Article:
Singapore May Keep Dollar Gains on Price Threats: Southeast Asia
The Monetary Authority of Singapore will probably retain the existing pace of currency appreciation as lingering inflation limits the scope for policy makers to support subdued growth, a survey of analysts showed.
Officials will keep gains in Singapore’s dollar when they announce their decision April 12, and refrain from changing the slope, width or center of its trading band, according to 21 of 22 financial companies polled by Bloomberg News. Commerzbank AG said there’s a chance the MAS will shift to a zero slope.
“One can argue the state of the growth outlook is relatively dim at the moment,” Enrico Tanuwidjaja, a Singapore- based economist at Royal Bank of Scotland Group Plc, said by phone on April 5. “The inflation risk is still very prevalent, which will keep the MAS tilting its balance of concern toward inflation expectations.”
Reports last month showed industrial production slid the most in at least three years in February, while exports posted the biggest decline since 2009, leading economists to predict that gross domestic product growth slowed in the quarter ended March 31. Consumer prices accelerated at the fastest rate in eight months, which analysts say may keep the MAS from altering the pace of currency gains, its main policy tool.
Singapore’s central bank uses the exchange rate rather than borrowing costs to conduct monetary policy, adjusting the pace of appreciation or depreciation against an undisclosed trade- weighted band of currencies by changing the slope, width and center of the band. A flatter slope allows slower appreciation or depreciation over time.
The MAS unexpectedly left monetary policy unchanged at its most recent review on Oct. 12, saying its stance was “appropriate in containing inflationary pressures and keeping the economy on a path of restructuring towards sustainable growth.” The move was predicted by five of 23 financial companies surveyed by Bloomberg last year.
The Singapore dollar climbed 0.2 percent to S$1.2401 versus its U.S. counterpart as of 12:39 p.m. local time It will probably be at S$1.24 by June 30 and 1.6 percent stronger at S$1.22 by the end of this year, according to the median estimate in the poll for this month’s policy decision.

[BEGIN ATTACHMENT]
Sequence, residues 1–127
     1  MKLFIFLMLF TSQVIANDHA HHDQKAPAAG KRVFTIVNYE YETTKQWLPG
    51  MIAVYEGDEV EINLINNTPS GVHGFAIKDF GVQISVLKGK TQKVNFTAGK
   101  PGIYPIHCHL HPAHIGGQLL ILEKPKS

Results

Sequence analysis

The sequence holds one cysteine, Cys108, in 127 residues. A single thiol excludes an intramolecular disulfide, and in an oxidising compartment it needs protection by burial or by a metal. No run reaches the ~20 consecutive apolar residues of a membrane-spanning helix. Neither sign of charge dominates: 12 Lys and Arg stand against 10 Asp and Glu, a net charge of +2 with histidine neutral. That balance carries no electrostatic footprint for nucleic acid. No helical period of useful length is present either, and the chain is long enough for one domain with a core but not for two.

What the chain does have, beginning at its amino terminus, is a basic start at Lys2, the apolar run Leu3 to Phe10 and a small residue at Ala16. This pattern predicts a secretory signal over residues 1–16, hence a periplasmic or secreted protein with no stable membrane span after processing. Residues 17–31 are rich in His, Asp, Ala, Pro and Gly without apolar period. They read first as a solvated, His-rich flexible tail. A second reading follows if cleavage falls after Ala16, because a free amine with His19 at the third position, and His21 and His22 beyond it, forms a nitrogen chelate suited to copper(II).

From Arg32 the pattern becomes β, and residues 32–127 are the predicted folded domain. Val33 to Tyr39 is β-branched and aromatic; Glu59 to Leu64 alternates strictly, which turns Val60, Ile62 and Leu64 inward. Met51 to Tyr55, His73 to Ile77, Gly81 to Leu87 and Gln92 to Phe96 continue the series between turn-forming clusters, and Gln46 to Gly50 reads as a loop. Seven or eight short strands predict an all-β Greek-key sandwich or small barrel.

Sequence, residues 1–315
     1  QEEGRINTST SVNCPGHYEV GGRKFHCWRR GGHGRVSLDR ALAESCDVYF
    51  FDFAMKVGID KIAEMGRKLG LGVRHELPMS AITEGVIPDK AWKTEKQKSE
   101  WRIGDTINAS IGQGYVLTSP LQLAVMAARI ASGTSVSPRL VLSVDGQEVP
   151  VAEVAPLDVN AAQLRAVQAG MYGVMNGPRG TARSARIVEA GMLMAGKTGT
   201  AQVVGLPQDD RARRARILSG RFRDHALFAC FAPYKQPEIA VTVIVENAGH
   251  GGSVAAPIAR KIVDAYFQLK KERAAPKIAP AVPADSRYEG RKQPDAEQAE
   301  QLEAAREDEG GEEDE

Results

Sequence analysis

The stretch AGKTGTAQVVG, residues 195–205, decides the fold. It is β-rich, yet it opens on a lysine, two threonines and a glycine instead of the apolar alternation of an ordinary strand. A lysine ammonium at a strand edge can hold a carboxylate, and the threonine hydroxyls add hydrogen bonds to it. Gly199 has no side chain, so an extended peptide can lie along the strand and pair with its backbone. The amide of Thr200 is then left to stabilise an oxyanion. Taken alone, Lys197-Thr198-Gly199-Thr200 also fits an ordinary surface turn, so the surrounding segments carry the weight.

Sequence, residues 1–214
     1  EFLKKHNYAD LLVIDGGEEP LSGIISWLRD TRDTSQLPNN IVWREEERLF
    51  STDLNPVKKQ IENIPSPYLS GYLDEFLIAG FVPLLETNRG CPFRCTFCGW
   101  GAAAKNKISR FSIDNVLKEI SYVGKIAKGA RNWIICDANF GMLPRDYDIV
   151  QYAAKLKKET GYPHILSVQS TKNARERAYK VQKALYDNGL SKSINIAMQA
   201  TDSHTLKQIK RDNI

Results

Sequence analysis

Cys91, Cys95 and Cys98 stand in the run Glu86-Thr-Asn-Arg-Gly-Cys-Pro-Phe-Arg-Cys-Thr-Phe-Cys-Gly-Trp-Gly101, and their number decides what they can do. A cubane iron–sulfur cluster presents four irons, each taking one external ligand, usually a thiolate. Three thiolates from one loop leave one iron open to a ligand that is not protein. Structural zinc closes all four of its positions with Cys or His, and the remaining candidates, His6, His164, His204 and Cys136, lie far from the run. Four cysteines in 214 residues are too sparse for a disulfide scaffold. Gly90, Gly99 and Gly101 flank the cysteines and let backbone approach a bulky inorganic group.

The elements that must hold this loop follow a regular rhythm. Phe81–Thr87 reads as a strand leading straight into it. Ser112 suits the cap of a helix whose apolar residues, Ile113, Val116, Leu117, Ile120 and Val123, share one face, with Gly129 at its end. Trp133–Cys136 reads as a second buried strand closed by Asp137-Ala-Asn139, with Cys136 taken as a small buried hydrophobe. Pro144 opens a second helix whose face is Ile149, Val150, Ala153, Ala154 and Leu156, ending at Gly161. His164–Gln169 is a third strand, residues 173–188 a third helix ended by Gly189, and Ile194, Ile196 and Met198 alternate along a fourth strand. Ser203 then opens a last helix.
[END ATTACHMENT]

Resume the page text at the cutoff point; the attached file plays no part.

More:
The local dollar has lost 1.5 percent since Dec. 31. That trailed drops in the currencies of Asian neighbors including Japan and South Korea, which have enacted measures to stem inflows and to keep their exports competitive.
The city state’s overseas shipments dropped 30.6 percent in February from a year earlier, the most since January 2009, the trade promotion agency said on March 18. That was almost twice the 16 percent slide predicted by economists. Government figures released a week later showed industrial production fell 16.6 percent over the same period on a 12-month basis, the most in Singapore Economic Development Board data compiled by Bloomberg dating back to 2010.
The economy probably expanded 2 percent last quarter from the previous period, according to the median estimate of nine analysts polled by Bloomberg before the data due on April 12. GDP rose 3.3 percent in the three months ended Dec. 31.
Singapore may expand 2.8 percent this year, a MAS survey showed last month, up from a predicted 2.7 percent pace in a poll published in December. The global economy will probably grow 2.4 percent in 2013, according to the median forecast in a Bloomberg survey of economists.
“Economic growth, while relatively subdued in the near- term, is still on track to come in better than 2012 on average,” Thomas Lam, the chief economist at OSK-DMG in Singapore, wrote in an e-mail on April 5. “However, domestic inflationary pressure remains a nagging issue.”
Thousands of people gathered for a protest on Feb. 16 after the government unveiled a white paper outlining proposals to allow more immigration. Residents on the island that’s smaller than New York City jumped by more than 1.1 million since mid-2004 to 5.3 million, increasing demands on infrastructure and contributing to higher housing and transport costs.
Prime Minister Lee Hsien Loong imposed limits on how much buyers seeking a second mortgage can borrow and increased taxes on real-estate transactions to curb speculation in Asia’s second-most expensive housing market. An index tracking prices of private residential property climbed last quarter by the least since the period ended June 2012, the Urban Redevelopment Authority said April 1.
“The government has implemented measures to restrict the use of excess liquidity,” Charlie Lay, a Singapore-based foreign-exchange strategist at Commerzbank, wrote in an e-mail on April 5. “We should see house-price appreciation contained,” which should slow headline inflation, he wrote.
Still, consumer prices remain elevated. A March 25 report showed prices climbed 4.9 percent in February from a year earlier, the fastest pace since June and more than double the 1.9 percent average in the past 20 years. Singapore’s inflation rate is the highest of a group of 13 major economies tracked by Bloomberg. It compares with a 3.2 percent pace for China and 2 percent for the U.S.
“The MAS will remain vigilant towards upside risks to core inflation” though risks to growth are to the downside, Khoon Goh, a senior strategist at Australia & New Zealand Banking Group Ltd. (ANZ) in Singapore, wrote in a March 27 e-mail. “We expect the MAS to maintain its modest and gradual appreciation stance.”
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